How do you make your career recession proof?

The coronavirus has caused significant disruptions in every sector of the global economy, from travel to paper products. For the foreseeable future, everything related to employment will be altered. However, we are facing a radically different scenario in the midst of corporate closures. If you know how to spot it and prepare for it, there is potential there.

The criteria for selecting good applicants are changing. We live in a world where the ability to pivot on a dime and collaborate with people from many walks of life is essential for success. After all, teaching someone how to be credible, work well with others, and develop trust quickly is much easier than teaching them how to be credible, work well with others, and develop trust quickly. So, how will this affect what employers look for when making recruiting decisions?

Degrees will no longer reign supreme. A skilled workforce will always require education. College degrees will continue to be required for certain jobs and are a wonderful way to invest in your education. However, for non-licensed employment, such as many leadership roles, they are gradually becoming less of a requirement.

Transferable talents are more important than ever before. We’ve been conditioned for almost a century to believe that our work experience and titles are more important than how we complete our tasks. Transferrable skills, on the other hand, are where the gold is. The main characteristics that make someone stand out in their career are how we work through challenges in the face of seemingly insurmountable hurdles, connect with others, especially when in disagreement, and come up with creative solutions when resources aren’t readily available. Those abilities aren’t as prevalent as you may expect, and they’re much harder to learn in some cases.

Professional maturity and experience are in high demand. It helps to have a foundation in business and customer service when shifting from one industry to another. In times of uncertainty, those who have seen how organizations work, have learned some valuable lessons, and can handle pressure from a mature position are essential. Gone are the days when a person’s age determined whether or not they could perform a task. Age is nothing more than a number if you know how to deal with change.

It’s not a good idea to wait until you’re unemployed before you start networking. Workers should instead be constantly developing new connections and preserving old ones. Not only will networking speed up the job search, but it will also serve as a stepping stone for those considering a complete career change amid difficult economic circumstances.

Not sure where to begin when it comes to networking? Make contact with former coworkers and arrange a quick meeting or a cup of coffee. Then, to expand your network, consider joining local groups and attending monthly mixers. Using networking services like LinkedIn to stay connected (or make introductions) can make expanding your network practically effortless.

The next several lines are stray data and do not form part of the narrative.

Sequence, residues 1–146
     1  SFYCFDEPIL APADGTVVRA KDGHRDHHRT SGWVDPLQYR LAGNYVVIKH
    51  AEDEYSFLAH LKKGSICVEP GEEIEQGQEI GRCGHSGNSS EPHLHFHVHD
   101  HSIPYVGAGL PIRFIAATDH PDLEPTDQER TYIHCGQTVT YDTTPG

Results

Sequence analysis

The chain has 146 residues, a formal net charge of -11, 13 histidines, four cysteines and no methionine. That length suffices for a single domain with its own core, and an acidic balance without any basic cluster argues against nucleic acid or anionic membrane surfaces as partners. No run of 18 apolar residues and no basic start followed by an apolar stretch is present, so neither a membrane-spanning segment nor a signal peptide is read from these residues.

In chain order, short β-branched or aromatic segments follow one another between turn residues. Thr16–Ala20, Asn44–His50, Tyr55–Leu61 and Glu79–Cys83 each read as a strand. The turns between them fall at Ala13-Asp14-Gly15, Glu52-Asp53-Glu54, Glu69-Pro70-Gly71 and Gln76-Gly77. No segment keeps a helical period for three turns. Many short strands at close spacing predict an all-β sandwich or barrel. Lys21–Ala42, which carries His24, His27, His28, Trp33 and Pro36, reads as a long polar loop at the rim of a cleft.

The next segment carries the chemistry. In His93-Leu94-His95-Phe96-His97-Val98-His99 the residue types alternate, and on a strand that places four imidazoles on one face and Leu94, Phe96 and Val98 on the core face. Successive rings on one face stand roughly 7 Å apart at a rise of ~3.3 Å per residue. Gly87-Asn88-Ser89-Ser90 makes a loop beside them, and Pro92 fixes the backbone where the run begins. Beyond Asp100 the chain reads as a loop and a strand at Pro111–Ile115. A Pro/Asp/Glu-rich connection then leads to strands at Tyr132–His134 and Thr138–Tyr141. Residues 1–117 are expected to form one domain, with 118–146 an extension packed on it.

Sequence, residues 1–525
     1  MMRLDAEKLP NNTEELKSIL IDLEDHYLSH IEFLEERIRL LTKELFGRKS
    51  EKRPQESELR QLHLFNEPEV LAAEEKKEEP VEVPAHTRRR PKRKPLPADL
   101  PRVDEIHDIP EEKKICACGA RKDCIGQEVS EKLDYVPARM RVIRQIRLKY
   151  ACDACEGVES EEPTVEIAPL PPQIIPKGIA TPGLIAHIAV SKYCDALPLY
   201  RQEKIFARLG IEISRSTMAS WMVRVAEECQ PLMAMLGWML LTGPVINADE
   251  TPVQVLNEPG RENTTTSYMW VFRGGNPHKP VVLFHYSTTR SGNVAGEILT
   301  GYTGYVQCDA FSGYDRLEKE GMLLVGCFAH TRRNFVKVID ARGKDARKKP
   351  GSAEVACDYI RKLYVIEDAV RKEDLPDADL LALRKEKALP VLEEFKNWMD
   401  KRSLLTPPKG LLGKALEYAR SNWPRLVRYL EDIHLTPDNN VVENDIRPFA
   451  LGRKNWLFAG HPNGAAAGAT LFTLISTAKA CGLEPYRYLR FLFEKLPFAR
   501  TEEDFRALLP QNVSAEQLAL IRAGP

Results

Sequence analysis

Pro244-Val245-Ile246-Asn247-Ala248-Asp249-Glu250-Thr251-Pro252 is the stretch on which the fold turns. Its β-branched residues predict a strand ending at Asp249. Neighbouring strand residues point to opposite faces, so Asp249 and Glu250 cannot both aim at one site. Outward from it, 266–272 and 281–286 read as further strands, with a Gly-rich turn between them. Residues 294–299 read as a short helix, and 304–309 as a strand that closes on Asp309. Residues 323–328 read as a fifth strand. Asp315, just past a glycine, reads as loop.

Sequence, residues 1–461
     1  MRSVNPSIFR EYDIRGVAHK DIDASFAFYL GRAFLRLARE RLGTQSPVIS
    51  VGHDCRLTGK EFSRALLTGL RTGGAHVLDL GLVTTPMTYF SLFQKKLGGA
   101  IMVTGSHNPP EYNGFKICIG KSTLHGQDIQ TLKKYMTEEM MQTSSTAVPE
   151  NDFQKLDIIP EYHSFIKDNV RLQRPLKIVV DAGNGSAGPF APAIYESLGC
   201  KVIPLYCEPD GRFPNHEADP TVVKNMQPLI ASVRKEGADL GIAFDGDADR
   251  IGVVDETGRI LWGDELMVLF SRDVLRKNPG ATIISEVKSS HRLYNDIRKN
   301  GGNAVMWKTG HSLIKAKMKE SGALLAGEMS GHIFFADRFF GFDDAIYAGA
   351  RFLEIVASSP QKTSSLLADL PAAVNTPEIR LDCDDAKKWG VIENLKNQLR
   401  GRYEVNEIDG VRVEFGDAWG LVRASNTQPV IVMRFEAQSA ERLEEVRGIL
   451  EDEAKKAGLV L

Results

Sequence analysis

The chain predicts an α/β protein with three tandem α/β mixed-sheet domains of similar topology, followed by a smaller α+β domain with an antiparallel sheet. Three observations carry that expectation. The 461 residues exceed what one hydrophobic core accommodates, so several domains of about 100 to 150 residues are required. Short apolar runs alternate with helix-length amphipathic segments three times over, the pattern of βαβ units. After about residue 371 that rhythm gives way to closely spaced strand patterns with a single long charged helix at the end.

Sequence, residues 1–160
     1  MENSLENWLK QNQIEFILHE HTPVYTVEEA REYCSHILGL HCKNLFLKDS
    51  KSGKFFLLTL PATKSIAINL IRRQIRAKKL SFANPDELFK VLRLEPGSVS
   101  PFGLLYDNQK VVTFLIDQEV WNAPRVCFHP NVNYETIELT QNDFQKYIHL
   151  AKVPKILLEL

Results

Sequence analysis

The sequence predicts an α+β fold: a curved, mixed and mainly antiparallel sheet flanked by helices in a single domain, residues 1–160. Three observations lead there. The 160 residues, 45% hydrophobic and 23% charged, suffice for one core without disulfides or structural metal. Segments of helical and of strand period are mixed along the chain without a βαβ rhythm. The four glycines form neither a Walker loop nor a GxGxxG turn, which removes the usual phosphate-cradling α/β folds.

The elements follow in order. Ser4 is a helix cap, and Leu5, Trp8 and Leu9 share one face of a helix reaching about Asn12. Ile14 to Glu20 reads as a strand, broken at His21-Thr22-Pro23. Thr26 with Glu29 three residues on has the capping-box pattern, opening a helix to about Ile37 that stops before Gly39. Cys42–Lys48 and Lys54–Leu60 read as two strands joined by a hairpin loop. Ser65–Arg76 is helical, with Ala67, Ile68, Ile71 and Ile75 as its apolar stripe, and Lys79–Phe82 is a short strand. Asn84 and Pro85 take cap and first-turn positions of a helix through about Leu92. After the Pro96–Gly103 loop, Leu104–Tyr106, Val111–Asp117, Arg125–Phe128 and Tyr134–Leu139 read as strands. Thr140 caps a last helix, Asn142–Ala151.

As firms gain more power in the job market, we’ll soon see a move to a buyers market, with a large and expanding pool of applicants, shrinking hiring budgets, fewer vacant positions, and fierce competition among candidates. Because the open job market is drying up, C-suite job searchers are having a harder difficulty finding work. As a result, it’s critical that you understand the Hidden Job Market and how to navigate it. Learn how to find hidden employment and how to keep them safe.

New executives understand their brand, let alone how to sell themselves, especially those who have worked for a long time at industry-leading businesses in the IT, FMCG, and luxury industries, to mention a few, expecting that if they quit, the market will eat them up.

The location is no longer a deciding factor. The fear of virtual teams is being forced out of our mindset as more and more enterprises are forced into a work-from-home environment. We will never put that genie back in the bottle because remote employment has arrived. This will surely extend the panorama of candidates’ previous geographic restrictions.

People want to hear about the “good times.” If this describes you, be cautious. Recessions are tough to anticipate, but they will happen eventually. They are part of the global economy’s natural ups and downs. The underlying issue is a lack of readiness. If you don’t act now, you’ll find yourself facing closed doors during a recession. To prevent being a victim of restructuring or other rightsizing actions, rethink your positioning and branding, as well as your go-to-market strategy, in light of deteriorating conditions.

Check out my related post: Why do people job hop?


Interesting reads:

https://www.careercontessa.com/advice/recession-proof-jobs/

https://askacareerexpert.com/how-to-make-your-career-recession-proof/

https://www.bankrate.com/personal-finance/help-make-your-career-recession-proof/

https://www.forbes.com/sites/hvmacarthur/2020/04/02/thinking-about-whats-next-how-to-make-your-career-recession-proof/

https://www.topresume.com/career-advice/how-to-recession-proof-career

https://www.bestcolleges.com/blog/how-to-recession-proof-your-career/

https://www.bluesteps.com/blog/how-create-recession-proof-career

https://www.gtntechnicalstaffing.com/career-recession-proof/

https://www.wjmassoc.com/insight/your-career-path-to-success-6-ways-to-recession-proof-your-career

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